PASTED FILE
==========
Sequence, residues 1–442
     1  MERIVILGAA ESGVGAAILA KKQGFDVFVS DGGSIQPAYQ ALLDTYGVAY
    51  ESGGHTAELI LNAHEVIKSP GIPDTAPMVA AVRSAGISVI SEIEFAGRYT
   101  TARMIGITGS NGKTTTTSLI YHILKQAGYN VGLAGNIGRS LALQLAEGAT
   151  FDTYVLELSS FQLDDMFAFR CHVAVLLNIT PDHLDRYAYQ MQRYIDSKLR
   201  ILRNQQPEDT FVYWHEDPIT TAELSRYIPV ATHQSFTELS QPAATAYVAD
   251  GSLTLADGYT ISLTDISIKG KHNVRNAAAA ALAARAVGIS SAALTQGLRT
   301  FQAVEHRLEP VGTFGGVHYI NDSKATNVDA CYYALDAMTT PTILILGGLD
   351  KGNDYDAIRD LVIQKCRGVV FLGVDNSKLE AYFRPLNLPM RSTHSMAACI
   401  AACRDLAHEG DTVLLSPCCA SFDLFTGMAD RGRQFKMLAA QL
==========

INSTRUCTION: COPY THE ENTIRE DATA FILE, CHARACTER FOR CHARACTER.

Sequence, residues 1–442
     1  MERIVILGAA ESGVGAAILA KKQGFDVFVS DGGSIQPAYQ ALLDTYGVAY
    51  ESGGHTAELI LNAHEVIKSP GIPDTAPMVA AVRSAGISVI SEIEFAGRYT
   101  TARMIGITGS NGKTTTTSLI YHILKQAGYN VGLAGNIGRS LALQLAEGAT
   151  FDTYVLELSS FQLDDMFAFR CHVAVLLNIT PDHLDRYAYQ MQRYIDSKLR
   201  ILRNQQPEDT FVYWHEDPIT TAELSRYIPV ATHQSFTELS QPAATAYVAD
   251  GSLTLADGYT ISLTDISIKG KHNVRNAAAA ALAARAVGIS SAALTQGLRT
   301  FQAVEHRLEP VGTFGGVHYI NDSKATNVDA CYYALDAMTT PTILILGGLD
   351  KGNDYDAIRD LVIQKCRGVV FLGVDNSKLE AYFRPLNLPM RSTHSMAACI
   401  AACRDLAHEG DTVLLSPCCA SFDLFTGMAD RGRQFKMLAA QL